Read about symptoms, causes, treatment and tips for prevention of this parasitic infection that for some people, can cause severe complications.
Toxoplasmosis (tok-so-plaz-MOE-sis) is a disease that results from infection with the Toxoplasma gondii parasite, one of the world's most common parasites. Infection usually occurs by eating undercooked contaminated meat, exposure from infected cat feces, or mother-to-child transmission during pregnancy.
Toxoplasmosis may cause flu-like symptoms in some people, but most people affected never develop signs and symptoms. For infants born to infected mothers and for people with weakened immune systems, toxoplasmosis may cause serious complications.
If you're generally healthy, not pregnant, and have been diagnosed with toxoplasmosis, you probably won't need any treatment other than conservative management. If you're pregnant or have lowered immunity, you may need medical management to avoid severe complications. The best approach, though, is prevention.
Most healthy people who are infected with toxoplasmosis have no signs or symptoms and aren't aware that they're infected. Some people, however, develop signs and symptoms similar to those of the flu, including:
If you have HIV/AIDS, are receiving chemotherapy or have recently had an organ transplant, a previous toxoplasma infection may reactivate. In that case, you may develop more-severe signs and symptoms of infection, including:
If you become infected for the first time just before or during your pregnancy, you can pass the infection to your baby (congenital toxoplasmosis), even if you don't have signs and symptoms yourself.
Your baby is most at risk of contracting toxoplasmosis if you become infected in the third trimester and least at risk if you become infected during the first trimester. On the other hand, the earlier in your pregnancy the infection occurs, the more serious the outcome for your baby.
Many early infections end in stillbirth or miscarriage. Infants who survive are likely to be born with serious problems, such as:
Only a small number of babies who have toxoplasmosis show signs of the disease at birth. Often, infants who are infected don't develop signs — which may include hearing loss, mental disability or serious eye infections — until their teens or later.
If you are living with HIV or AIDS or are pregnant or thinking of becoming pregnant, talk to your doctor about being tested if you think you may have been exposed to toxoplasmosis.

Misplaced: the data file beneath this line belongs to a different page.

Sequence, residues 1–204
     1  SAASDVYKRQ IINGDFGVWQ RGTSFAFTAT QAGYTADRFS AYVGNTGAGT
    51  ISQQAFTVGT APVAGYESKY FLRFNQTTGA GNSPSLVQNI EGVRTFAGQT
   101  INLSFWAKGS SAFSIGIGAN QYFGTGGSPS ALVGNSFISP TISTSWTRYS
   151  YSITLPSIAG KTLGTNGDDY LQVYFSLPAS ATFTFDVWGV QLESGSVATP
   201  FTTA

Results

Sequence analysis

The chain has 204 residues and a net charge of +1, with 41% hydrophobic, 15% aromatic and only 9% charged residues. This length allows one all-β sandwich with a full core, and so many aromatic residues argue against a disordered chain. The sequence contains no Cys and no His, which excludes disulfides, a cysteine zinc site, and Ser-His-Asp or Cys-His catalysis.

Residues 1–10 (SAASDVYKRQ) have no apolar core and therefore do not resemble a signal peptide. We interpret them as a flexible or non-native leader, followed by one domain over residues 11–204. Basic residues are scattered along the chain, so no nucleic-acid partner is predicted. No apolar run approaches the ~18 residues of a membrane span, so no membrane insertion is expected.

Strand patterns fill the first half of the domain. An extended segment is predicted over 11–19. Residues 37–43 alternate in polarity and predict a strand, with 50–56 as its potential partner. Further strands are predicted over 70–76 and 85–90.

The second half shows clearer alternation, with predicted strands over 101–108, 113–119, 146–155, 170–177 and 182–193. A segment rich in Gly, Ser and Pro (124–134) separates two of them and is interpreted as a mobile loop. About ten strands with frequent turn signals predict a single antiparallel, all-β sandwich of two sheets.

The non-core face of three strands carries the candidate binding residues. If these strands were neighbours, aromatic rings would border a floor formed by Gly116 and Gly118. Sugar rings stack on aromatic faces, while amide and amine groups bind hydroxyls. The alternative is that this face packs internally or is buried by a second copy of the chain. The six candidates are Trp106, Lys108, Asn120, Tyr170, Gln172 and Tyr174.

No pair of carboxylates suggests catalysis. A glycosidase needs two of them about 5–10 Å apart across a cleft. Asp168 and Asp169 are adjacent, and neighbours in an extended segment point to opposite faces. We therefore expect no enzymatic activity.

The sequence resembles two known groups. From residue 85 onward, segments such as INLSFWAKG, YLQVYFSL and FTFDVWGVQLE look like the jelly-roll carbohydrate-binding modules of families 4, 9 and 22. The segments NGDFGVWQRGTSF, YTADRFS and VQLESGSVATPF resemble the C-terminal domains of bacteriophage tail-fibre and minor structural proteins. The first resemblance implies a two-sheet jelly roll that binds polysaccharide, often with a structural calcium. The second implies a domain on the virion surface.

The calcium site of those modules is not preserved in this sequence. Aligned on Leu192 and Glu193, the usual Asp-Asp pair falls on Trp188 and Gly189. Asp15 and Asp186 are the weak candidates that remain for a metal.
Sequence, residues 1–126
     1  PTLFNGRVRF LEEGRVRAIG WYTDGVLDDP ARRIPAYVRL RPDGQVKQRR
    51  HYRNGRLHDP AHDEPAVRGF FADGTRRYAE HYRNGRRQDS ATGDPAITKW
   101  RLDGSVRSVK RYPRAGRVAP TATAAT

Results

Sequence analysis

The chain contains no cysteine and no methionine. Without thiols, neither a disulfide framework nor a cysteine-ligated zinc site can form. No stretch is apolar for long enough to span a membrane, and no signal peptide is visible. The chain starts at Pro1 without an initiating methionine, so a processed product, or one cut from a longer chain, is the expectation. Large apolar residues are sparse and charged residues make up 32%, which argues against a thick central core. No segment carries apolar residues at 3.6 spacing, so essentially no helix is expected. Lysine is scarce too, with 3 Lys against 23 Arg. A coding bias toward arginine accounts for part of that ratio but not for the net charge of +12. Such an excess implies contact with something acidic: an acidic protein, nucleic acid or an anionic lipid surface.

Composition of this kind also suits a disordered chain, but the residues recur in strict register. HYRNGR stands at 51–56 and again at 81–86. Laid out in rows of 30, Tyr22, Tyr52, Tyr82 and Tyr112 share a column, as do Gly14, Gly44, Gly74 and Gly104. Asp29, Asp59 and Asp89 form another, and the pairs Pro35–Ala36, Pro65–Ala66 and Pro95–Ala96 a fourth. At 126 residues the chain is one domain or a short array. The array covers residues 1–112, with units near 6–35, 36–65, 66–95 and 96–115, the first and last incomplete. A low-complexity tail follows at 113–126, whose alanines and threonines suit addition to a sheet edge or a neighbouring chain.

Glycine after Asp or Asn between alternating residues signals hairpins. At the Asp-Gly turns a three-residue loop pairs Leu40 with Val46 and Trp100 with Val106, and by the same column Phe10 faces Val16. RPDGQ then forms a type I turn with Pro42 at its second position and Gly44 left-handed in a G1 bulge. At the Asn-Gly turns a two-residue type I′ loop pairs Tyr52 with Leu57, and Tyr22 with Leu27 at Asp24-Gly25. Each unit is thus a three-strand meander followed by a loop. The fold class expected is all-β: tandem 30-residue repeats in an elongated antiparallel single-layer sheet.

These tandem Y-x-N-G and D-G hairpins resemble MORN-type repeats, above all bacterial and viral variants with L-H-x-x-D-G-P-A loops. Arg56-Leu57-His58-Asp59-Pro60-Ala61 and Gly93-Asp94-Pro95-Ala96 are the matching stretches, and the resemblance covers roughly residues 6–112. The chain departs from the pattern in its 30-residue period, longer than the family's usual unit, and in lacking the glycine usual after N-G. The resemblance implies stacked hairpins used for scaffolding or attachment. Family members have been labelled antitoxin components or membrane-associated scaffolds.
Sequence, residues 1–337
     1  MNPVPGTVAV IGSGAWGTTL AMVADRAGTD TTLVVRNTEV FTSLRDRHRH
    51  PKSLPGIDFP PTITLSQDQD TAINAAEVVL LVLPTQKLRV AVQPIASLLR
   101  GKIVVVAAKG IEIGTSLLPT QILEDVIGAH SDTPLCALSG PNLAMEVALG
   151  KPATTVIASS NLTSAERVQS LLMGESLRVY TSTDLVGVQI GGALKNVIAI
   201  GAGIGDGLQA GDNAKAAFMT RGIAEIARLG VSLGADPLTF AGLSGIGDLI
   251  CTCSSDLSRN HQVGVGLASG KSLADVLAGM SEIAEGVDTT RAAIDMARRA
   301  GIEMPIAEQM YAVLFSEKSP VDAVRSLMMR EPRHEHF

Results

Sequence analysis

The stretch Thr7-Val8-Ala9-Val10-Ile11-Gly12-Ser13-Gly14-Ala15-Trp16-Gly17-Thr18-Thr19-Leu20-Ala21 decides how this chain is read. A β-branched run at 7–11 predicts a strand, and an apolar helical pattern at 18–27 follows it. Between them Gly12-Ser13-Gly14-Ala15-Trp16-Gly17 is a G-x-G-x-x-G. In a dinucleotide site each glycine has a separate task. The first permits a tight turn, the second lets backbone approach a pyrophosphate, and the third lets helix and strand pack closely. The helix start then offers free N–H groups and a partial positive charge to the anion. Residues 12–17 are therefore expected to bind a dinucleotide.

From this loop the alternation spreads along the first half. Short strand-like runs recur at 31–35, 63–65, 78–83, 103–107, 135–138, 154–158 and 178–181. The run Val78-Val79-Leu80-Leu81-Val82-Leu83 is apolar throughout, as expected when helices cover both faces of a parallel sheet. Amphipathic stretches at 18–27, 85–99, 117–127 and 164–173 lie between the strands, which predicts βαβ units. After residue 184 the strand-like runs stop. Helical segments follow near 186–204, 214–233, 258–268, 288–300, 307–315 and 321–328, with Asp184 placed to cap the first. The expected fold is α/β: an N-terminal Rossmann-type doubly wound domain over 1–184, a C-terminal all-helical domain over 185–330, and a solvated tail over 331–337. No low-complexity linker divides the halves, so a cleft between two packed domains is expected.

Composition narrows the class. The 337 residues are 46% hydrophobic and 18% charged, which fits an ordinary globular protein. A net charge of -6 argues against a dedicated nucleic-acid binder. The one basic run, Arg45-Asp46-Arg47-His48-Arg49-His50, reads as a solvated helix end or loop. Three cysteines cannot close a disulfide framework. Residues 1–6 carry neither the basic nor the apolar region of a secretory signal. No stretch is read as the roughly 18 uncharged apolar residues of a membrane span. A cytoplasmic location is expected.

The signs and symptoms of severe toxoplasmosis — blurred vision, confusion, loss of coordination — require immediate medical care, particularly if your immune system has been weakened.
Toxoplasma gondii (T. gondii) is a single-celled parasitic organism that can infect most animals and birds. Because T. gondii infectious organisms are excreted only in cat feces, wild and domestic cats are the parasite's ultimate host.
Although you can't "catch" toxoplasmosis from an infected child or adult, you can become infected if you:
When a person becomes infected with T. gondii, the parasite forms cysts that can affect almost any part of the body — often your brain and muscle tissue of different organs, including the heart.
If you're generally healthy, your immune system keeps the parasites in check. They remain in your body in an inactive state, providing you with lifelong immunity so that you can't become infected with the parasite again. But if your immune system is weakened by disease or certain medications, the infection can be reactivated, leading to serious complications.
Anyone can become infected with toxoplasmosis. The parasite is found throughout the world.
You're at risk of serious health problems from toxoplasmosis infection if:
If you have a normal immune system, you're not likely to experience complications of toxoplasmosis, although otherwise healthy people sometimes develop eye infections. Untreated, these infections can lead to blindness.
But if your immune system is weakened, especially as a result of HIV/AIDS, toxoplasmosis can lead to seizures and life-threatening illnesses such as encephalitis — a serious brain infection.
In people with AIDS, untreated encephalitis from toxoplasmosis is fatal. Relapse is a constant concern for people with toxoplasmosis who also have a weakened immune system.
Children with congenital toxoplasmosis may develop disabling complications, including hearing loss, mental disability and blindness.
Certain precautions can help prevent toxoplasmosis:
If you're pregnant or otherwise at risk of toxoplasmosis or its complications, take these steps to protect yourself: